The Journey Back to Her
Dr. Rodney McKay glared at the figures on his laptop as he took another bite of his Big Mac.
“Ah hah—gotcha you tricky, little bastard!” he gloated, as he found the erroneous formula that had been throwing off his model. “Jeannie is smart, I’ll give her that, but she’s no genius,” he muttered gleefully.
It was the last day of the 4-day international physics conference in his native Vancouver, which he’d been attending with his sister, Dr. Jean Miller, and his friend and colleague, Dr. Samantha Carter—who also had the distinction of being a full bird colonel in the US Air Force. While Sam was an astrophysicist in addition to being an officer, both Rodney and his sister were theoretical physicists and civilian consultants with the USAF on the most classified, way-out top secret program on Earth (and travelling to other planets—and even other galaxies—using an alien device that produced artificial wormholes constituted way-out in Rodney’s book).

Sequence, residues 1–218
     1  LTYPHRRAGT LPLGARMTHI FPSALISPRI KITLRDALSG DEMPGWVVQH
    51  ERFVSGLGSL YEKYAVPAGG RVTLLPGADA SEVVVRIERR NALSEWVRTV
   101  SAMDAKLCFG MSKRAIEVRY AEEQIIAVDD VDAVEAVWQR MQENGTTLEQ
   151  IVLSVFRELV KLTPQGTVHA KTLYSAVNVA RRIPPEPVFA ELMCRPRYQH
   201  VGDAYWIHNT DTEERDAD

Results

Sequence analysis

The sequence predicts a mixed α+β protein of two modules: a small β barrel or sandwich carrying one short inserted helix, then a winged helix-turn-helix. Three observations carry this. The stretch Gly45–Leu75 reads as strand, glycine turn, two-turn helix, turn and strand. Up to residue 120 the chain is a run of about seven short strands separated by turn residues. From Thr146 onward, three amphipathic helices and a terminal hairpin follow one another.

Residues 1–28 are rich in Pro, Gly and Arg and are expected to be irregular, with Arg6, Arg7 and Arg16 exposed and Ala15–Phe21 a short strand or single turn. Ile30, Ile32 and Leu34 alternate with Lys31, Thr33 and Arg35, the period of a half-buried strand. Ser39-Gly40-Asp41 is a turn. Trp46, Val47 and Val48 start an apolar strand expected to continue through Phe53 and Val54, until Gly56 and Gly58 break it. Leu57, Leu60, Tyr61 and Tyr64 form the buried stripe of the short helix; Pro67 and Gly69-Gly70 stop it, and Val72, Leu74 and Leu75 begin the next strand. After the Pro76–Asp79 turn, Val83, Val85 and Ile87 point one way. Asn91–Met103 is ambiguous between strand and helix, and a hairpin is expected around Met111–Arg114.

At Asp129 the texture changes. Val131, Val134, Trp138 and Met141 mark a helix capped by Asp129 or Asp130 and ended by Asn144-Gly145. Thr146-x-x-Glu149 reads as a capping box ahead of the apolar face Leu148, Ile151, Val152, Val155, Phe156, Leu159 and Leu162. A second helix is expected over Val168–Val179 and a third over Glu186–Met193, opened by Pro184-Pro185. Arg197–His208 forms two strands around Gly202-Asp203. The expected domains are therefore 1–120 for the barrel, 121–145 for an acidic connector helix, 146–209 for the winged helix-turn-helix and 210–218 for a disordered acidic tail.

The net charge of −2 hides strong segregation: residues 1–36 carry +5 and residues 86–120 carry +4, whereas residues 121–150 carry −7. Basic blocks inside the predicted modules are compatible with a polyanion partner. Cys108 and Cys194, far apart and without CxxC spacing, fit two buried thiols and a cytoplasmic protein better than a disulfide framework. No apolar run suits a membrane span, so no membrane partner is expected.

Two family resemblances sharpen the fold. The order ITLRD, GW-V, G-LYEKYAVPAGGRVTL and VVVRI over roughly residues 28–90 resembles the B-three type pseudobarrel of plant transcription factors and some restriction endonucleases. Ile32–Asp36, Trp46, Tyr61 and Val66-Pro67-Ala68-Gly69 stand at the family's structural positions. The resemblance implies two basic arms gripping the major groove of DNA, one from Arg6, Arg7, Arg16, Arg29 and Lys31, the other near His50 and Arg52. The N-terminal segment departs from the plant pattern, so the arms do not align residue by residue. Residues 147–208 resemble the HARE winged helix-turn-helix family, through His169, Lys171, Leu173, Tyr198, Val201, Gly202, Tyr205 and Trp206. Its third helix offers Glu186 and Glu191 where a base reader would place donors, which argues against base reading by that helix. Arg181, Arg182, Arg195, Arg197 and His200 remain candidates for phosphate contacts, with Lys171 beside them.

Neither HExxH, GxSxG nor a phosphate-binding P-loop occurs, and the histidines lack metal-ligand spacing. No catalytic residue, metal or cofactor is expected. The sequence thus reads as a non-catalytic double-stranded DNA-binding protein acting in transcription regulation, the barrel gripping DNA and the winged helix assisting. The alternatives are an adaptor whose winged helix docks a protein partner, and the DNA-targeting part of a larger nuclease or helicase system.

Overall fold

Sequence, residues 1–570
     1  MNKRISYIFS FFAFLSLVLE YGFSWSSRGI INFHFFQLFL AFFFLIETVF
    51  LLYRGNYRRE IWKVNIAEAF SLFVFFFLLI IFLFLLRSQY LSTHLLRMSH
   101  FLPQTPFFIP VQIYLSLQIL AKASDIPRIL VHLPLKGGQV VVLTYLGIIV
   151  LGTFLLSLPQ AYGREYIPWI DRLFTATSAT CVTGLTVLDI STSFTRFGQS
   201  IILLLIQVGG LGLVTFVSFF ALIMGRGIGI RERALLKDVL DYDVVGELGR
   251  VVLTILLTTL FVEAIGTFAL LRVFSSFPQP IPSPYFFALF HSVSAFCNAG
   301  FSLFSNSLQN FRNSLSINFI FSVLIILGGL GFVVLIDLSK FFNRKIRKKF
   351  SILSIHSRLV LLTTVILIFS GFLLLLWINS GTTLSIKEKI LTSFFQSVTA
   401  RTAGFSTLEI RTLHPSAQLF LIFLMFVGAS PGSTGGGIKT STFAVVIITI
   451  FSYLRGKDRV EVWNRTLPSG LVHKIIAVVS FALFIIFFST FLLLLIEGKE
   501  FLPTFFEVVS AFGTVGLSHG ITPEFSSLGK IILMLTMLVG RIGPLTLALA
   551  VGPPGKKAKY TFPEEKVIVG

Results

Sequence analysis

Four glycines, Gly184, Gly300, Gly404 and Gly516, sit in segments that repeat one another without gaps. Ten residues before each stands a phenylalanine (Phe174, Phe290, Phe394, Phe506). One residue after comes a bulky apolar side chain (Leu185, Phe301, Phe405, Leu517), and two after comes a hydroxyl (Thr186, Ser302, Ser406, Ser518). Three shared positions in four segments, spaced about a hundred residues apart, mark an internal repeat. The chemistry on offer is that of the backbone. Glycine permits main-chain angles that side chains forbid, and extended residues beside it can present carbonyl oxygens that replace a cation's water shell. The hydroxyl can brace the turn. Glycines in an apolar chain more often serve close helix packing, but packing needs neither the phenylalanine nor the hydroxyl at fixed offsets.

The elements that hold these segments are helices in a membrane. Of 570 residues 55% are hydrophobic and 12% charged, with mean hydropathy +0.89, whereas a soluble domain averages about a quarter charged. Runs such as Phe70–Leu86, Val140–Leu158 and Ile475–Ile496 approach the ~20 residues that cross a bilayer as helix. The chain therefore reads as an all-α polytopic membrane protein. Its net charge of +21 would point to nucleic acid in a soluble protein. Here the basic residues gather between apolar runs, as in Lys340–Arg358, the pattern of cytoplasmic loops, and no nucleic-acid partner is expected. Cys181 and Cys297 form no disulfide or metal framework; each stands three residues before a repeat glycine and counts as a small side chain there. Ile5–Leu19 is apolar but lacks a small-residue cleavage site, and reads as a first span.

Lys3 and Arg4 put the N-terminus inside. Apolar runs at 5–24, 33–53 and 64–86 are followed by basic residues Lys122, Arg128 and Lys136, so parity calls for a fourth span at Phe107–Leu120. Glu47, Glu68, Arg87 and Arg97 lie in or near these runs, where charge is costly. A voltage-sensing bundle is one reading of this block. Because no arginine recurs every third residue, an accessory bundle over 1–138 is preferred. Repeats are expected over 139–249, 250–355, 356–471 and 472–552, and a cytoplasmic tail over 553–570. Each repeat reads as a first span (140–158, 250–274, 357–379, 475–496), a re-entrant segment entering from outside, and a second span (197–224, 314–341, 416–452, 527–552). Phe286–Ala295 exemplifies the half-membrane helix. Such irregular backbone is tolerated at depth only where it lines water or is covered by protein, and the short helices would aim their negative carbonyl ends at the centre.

They’d decided to skip the last couple of hours—nothing interesting happening there anyway that wasn’t light years behind his work on wormhole physics—and spend the afternoon at Jeannie’s house before he and Sam flew back to Colorado, and to Stargate Command. From there Rodney would then head out across the galactic divide to the Pegasus Galaxy, and to the Lost City of Atlantis, where he held the post of chief scientist.
However, he was categorically not going to spend the next forty-five minutes to an hour battling Vancouver traffic on an empty stomach, so they’d stopped off at a mall near the convention centre to have lunch before heading out to the ’burbs. At the moment, both Sam and Jeannie were stuck in lines on opposite sides of the food court—Sam opting for a sub and salad, while Jeannie looked to be still waiting to order at a sushi kiosk.
“Gotta love MacDonald’s,” he chuckled around a long pull of his Coke as he set about fixing Jeannie’s errant formula. “After all, they put the fast in fast food.”
“Damn it, Miro! You promised to be here!”
A vaguely familiar voice slashed across his happy mood, compelling him to look up in confusion. Across the mall’s food court, a petite—and obviously pregnant—woman smacked a scruffy-looking man repeatedly with her purse as if to punctuate each word, while he tried ineffectively to fend off her blows without retaliating.